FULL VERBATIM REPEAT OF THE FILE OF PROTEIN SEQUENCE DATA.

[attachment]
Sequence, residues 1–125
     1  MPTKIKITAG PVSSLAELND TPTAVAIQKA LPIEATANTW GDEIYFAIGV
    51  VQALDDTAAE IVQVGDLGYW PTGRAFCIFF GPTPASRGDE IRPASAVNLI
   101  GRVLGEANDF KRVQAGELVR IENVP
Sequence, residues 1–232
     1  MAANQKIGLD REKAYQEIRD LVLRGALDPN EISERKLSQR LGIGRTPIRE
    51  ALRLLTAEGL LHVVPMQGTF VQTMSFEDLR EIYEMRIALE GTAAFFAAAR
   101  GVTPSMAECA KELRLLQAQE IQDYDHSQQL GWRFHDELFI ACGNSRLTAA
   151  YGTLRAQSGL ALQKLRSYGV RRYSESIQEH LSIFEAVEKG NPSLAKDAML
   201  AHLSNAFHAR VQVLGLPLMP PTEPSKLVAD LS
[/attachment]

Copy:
Sequence, residues 1–125
     1  MPTKIKITAG PVSSLAELND TPTAVAIQKA LPIEATANTW GDEIYFAIGV
    51  VQALDDTAAE IVQVGDLGYW PTGRAFCIFF GPTPASRGDE IRPASAVNLI
   101  GRVLGEANDF KRVQAGELVR IENVP
Sequence, residues 1–232
     1  MAANQKIGLD REKAYQEIRD LVLRGALDPN EISERKLSQR LGIGRTPIRE
    51  ALRLLTAEGL LHVVPMQGTF VQTMSFEDLR EIYEMRIALE GTAAFFAAAR
   101  GVTPSMAECA KELRLLQAQE IQDYDHSQQL GWRFHDELFI ACGNSRLTAA
   151  YGTLRAQSGL ALQKLRSYGV RRYSESIQEH LSIFEAVEKG NPSLAKDAML
   201  AHLSNAFHAR VQVLGLPLMP PTEPSKLVAD LS